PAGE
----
Tapir

Our goal is to bring back the tapir, the largest Neotropical herbivore, into the Iberá Natural Reserve. The long-term goal of this project is to establish at least two self-sustaining populations of tapirs in the Iberá protected area, restoring a key species for the ecosystem and contributing to the recovery of regional diversity.

Current status of the project (updated June, 2017): This year the first seven tapirs (three males and four females) have been released in the Rincón de Socorro Reserve. The animals come from the Native Wildlife Station in Salta and the Horco Molle Reserve in Tucumán. Animals are periodically monitored by telemetry, and are gradually adapting to their new environment, as well as to find their own food and to become independent of people.

The tapir: South America’s largest terrestrial mammal

The tapir or mboreví (Tapirus terrestris) is a perissodactyle (order that also includes horses, zebras, and rhinos) widely distributed in rainforests, dry forests, and wetlands of South America. The tapir is the largest terrestrial herbivore in Argentina. It is a highly adaptable mammal, with wide distribution in South America and native to northern Argentina. This species is listed as endangered in Argentina and became extinct in the province of Corrientes during the twentieth century. According to the IUCN’s Tapir Specialist Group, all four tapir species are ideal candidates for reintroduction or translocation programs. This is based on the tapirs’ high adaptability to changes in diet, habitat, and environmental conditions which give them potential to overcome major challenges that animals face with relocation. They are excellent swimmers and divers, and are also fast on land. Their longevity is around 25 to 30 years. During the day they tend to move within forests, using more open areas, such as scrub or grasslands, then return to rivers and lakes during the night. When days are very hot, they spend long periods of time immersed in water. The tapir prefers regenerating forests over mature ones, probably because of a greater abundance of pioneer vegetation species, which are more palatable and with less defense structures. They also favor palm grove areas.

The Tapir returns to Iberá wetlands

The tapir is internationally considered as a species Vulnerable to extinction with declining population trends (IUCN, 2015). Argentina is the South American country where the species status is more comprommised, listed as Endangered. Over the last 100 years, tapir distribution within the country has been reduced to less than half of its range, with remaining populations that are declining. The main threats identified for the species in Argentina are habitat reduction, fragmentation, and impoverishment as well as hunting. Probably the latter would have been the main cause of its disappearance from Corrientes. Until about 200 years ago, tapirs inhabited ten Argentine provinces: Salta, Jujuy, Tucuman, Formosa, Chaco, Santiago del Estero, Misiones, Corrientes, and Entre Rios. It is currently extinct in Entre Rios, Corrientes, and Tucuman and probably also in Santiago del Estero and Santa Fe.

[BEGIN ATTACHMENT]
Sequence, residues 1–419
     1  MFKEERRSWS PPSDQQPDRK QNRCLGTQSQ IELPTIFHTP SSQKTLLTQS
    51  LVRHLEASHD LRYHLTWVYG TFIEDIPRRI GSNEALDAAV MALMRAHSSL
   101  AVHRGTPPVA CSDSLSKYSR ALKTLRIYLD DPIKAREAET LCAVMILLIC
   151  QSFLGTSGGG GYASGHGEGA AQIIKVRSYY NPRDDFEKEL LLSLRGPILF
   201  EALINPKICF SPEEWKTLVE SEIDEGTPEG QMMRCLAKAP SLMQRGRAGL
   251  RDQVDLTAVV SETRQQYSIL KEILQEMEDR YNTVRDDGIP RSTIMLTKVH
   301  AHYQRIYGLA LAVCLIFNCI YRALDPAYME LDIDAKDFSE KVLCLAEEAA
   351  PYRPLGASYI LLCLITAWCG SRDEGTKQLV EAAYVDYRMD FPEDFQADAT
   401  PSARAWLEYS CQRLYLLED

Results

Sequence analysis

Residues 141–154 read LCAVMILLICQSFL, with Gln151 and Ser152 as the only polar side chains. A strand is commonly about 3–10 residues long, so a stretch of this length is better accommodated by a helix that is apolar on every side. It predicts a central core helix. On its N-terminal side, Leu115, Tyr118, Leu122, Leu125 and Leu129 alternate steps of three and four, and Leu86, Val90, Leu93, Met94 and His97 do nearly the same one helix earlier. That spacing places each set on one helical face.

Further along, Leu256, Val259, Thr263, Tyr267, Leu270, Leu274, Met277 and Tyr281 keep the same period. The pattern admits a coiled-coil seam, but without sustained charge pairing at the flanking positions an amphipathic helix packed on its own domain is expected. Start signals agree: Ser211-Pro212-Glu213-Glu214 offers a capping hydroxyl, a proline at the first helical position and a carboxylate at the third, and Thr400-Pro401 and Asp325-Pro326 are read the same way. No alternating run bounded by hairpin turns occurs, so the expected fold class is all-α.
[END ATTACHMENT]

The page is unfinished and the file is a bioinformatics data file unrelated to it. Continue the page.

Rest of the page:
The tapir inhabited the northern and center portion of Corrientes and possibly also extended to the south of the province. D'Orbigny confirms the presence of the species in Corrientes in 1827 when he points out "the tapir is rare, although it can be found in some marshlands.” It inhabited the area of Puerto Valle, in the northeast Iberá basin and subsisted in the area of Apipé, Yacyretá and Talavera islands until the 1960s, where the last one was recorded to be hunted in 1975.

Tapir reintroduction in Iberá: opportunities and challenges

The tapir is considered a keystone species because of its role in the design or architecture of the natural landscapes and for its important role in the functioning and structure of the ecosystems it inhabits, especially due to its role as a disperser of seeds for herbs, shrubs, and trees.

Due to the species’ use of aquatic and forested habitats, the selected reserves to reestablish the species presence are Rincón del Socorro/Iberá and Cambyretá; both are within the Iberá Park and under the ownership and management of CLT. The threats that caused the species to disappear from large areas in the past, such as poaching and habitat destruction due to farming, are not a concern within these reserves. Only some tourism activities are allowed in some sectors of these reserves. The habitat within these protected areas, especially the forest, has experienced remarkable recovery since the cattle were removed and the frequent burning for agricultural purposes discontinued.

As previously mentioned, the first release site chosen is the CLT´s private reserve Rincon del Socorro. This reserve safeguards the largest proportion of forest under strict conservation category within Iberá Provincial Reserve. It contains an area of roughly 10,000 hectares including patches of hygrophilous forests, Prosopis forests, Butia paraguayensis savannas, marshes, and flooded grasslands, constituting the most propitious habitat for tapirs´ release. The remaining 30,000 hectares are a more homogeneous sample of swamps and flooded grasslands. This private reserve borders the large Iberá Provincial Park, also under strict conservation protection. Tapirs are expected to use forest for shelter and food, and marshes and flooded grasslands as feeding sites (especially on the periphery of forests). We estimate that this mosaic of habitats could hold a minimum of 50 animals, with potential to spread to other adjacent areas of the Iberá Provincial Reserve.

The reintroduction of tapirs into Iberá brings the opportunity to continue providing long-term benefits to the local economy, strengthening ecotourism activities related to wildlife observation, which are already been carried out in the region.